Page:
Reviews of Closed Circuit,The Grandmaster, One Direction: This is Us
The Labor Day weekend is one of the dead times at movie theatres. The new films tend to be also-rans although this year a low-key but smart political thriller has snuck through. Also two with performers that young teens like, a kung fu chronicle from China and a sci fi film so silly it’s great fun.
Here’s the list:
Closed Circuit: 3 stars
The Grandmaster: 3
One Direction: This is Us: 2 ½
Latin American Film Festival: various
CLOSED CIRCUIT: If this were an American film it would climax with some loud courtroom yelling along the lines of “You can’t handle the truth!” But this is British. Things are calm and understated and even beyond uncharacteristic in the way they wind up so quietly. Make no mistake, though. This is a thoughtful thriller concerned more with ideas than fireworks. It's cynical about people in power and quite engrossing.
A terror bomb explodes in London. A young Muslim is arrested and two lawyers (Eric Bana and Rebecca Hall) are appointed to defend him. Since it’s a national security case and much of the evidence is secret, Hall’s role is “special advocate” which means she can see the evidence which is not revealed to the accused or his other defender. It’s just one of several legal wrinkles this film explores about how states deal with highly sensitive security cases. A couple of other old hands, Jim Broadbent, as a government insider, and Ciarán Hinds, as Bana’s boss, are there to talk us through the intricacies. Suspense and paranoia grow. MI-5, the British CIA, comes into it. Surveillance is everywhere, just like the real modern world.
A few script problems get in the way, though. The two defenders are not allowed to talk to each other but how can they not? They previously had an affair. That’s a bit contrived. Worse, plot points are telegraphed before they’re revealed. We’re denied the pleasure of real surprise. Except for that ending. It slips in so fast we’re caught right off guard. (5th Avenue, International Village and a few suburban theatres) 3 out of 5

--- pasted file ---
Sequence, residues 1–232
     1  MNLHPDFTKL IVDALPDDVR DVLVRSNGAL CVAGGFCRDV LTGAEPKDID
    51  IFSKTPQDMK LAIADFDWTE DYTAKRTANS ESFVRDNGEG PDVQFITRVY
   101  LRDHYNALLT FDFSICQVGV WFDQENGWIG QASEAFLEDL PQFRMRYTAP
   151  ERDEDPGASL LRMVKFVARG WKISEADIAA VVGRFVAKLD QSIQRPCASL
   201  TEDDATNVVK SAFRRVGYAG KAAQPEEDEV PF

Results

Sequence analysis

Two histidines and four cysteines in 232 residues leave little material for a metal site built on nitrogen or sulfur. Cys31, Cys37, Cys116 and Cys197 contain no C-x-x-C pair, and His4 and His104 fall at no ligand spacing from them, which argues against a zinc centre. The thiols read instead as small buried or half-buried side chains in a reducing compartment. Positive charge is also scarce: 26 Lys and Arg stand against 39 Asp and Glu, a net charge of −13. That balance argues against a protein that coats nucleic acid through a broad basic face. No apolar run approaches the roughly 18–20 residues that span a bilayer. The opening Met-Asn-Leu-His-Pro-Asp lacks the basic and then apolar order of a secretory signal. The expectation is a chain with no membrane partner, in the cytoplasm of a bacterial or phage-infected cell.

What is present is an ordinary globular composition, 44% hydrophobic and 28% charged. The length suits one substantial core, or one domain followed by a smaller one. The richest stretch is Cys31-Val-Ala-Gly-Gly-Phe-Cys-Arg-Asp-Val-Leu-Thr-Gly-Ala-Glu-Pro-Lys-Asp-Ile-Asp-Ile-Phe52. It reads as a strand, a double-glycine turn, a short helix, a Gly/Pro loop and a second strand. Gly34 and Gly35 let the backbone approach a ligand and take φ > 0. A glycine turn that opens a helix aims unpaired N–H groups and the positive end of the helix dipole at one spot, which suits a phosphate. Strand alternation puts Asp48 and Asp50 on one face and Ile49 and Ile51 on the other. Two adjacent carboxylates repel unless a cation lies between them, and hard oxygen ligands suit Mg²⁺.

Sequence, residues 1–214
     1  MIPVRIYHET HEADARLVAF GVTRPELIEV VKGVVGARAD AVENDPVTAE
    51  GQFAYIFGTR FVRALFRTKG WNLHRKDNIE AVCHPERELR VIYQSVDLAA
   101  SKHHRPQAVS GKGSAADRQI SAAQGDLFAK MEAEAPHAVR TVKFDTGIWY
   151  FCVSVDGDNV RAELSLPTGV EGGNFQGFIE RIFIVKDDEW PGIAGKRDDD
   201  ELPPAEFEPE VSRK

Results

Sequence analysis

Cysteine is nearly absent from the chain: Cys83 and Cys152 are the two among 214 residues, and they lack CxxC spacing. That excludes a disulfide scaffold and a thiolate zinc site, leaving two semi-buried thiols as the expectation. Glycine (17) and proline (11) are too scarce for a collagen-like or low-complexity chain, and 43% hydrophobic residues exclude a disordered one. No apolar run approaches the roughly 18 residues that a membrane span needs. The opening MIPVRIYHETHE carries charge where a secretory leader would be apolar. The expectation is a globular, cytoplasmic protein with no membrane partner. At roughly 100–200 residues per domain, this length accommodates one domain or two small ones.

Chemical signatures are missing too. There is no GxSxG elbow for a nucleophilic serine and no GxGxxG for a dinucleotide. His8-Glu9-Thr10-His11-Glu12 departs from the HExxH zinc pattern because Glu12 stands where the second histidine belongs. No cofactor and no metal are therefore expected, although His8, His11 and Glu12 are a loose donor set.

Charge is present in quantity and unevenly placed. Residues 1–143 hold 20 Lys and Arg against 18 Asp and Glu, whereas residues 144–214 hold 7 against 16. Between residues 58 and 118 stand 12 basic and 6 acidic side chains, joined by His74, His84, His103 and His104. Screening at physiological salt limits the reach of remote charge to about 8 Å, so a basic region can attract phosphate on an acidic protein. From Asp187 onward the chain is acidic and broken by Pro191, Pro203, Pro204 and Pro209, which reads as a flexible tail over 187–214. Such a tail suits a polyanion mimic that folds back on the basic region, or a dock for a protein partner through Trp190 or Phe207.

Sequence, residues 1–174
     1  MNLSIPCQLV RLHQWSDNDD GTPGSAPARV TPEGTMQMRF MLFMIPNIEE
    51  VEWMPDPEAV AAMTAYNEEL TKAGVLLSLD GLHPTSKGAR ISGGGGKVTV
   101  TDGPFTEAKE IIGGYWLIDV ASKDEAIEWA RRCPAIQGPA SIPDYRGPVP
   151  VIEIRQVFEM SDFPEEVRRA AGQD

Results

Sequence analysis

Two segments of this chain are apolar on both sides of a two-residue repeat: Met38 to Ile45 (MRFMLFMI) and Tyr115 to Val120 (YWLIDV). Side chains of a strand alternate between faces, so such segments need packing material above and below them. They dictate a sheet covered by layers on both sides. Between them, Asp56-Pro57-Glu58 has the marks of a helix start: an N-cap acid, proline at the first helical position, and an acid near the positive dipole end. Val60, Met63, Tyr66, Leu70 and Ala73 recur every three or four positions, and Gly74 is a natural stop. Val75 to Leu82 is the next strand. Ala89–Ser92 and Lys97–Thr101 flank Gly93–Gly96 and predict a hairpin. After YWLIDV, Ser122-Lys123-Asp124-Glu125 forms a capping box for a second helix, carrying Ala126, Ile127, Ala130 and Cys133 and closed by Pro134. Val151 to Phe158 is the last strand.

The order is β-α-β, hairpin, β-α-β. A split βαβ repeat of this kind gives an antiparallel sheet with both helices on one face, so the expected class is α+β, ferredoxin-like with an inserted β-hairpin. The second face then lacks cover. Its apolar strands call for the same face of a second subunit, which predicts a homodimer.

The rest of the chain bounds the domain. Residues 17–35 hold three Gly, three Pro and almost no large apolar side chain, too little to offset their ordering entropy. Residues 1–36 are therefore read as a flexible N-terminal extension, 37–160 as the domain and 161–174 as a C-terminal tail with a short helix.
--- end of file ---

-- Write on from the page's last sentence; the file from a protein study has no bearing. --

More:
THE GRANDMASTER: Plenty of style, atmosphere and beauty is what you get here. Enjoy them; the story is harder to connect with. That’s partly because it bounces around over a long time frame and feels disjointed. Also, it’s a biography that concentrates more on philosophy than facts, and takes liberties with those.
This is Hong Kong director Kar Wai Wong’s take on the life of Ip Man, the martial arts master who taught Bruce Lee (a fact mentioned only in a post script but well-known to both their followers). Forty years after his death he remains a national hero in China. He brought martial arts styles from the north and south together, taught a style called wing chun and has been portrayed in several movies. Tony Leung plays him with a cool, stoic demeanor, even in the several beautifully-staged fights (choreographed by Yuen Woo-Ping) that he gets into and wins easily. This film doesn’t mention that he was a policeman who was on the wrong side when the Communists took over and had to escape to Hong Kong. It does make some fuzzy sniping comments about collaborators.
And it invents a fictional love interest who brings rapturous scenes of longing but also snags into the story. She (played by Ziyi Zhang) is the daughter of an opponent, inheritor of his style and seeker of revenge for his death. Inconveniently, she takes a vow of celibacy and swears off martial arts. There’s a strong melancholy tone here and the movie is much more of an art film than a kung fu experience. (Scotiabank and suburban theatres) 3 out of 5
ONE DIRECTION: THIS IS US: Yes, but it doesn’t turn out to be that much. Niall, Zayn, Liam, Harry and Louis are just nice guys. They’re not witty or edgy. They like each other and love their fans and are amazed at what’s happened to them in just three years. Simon Cowell put them together as a boy band after they failed to win individually on his X-Factor show in the U.K. (He appears to tell that part himself). Thanks to the internet, they were world famous before they even recorded any songs. Now they draw young girls screaming joyously to their mega concerts. This film follows them on a world tour and alternates between on-stage performances (just singing, no dancing, the same show, I’m told, that they did in Vancouver recently ) and backstage hanging out where they come across as amiable and safe. Martin Scorsese and Chris Rock both show up to say good things about them.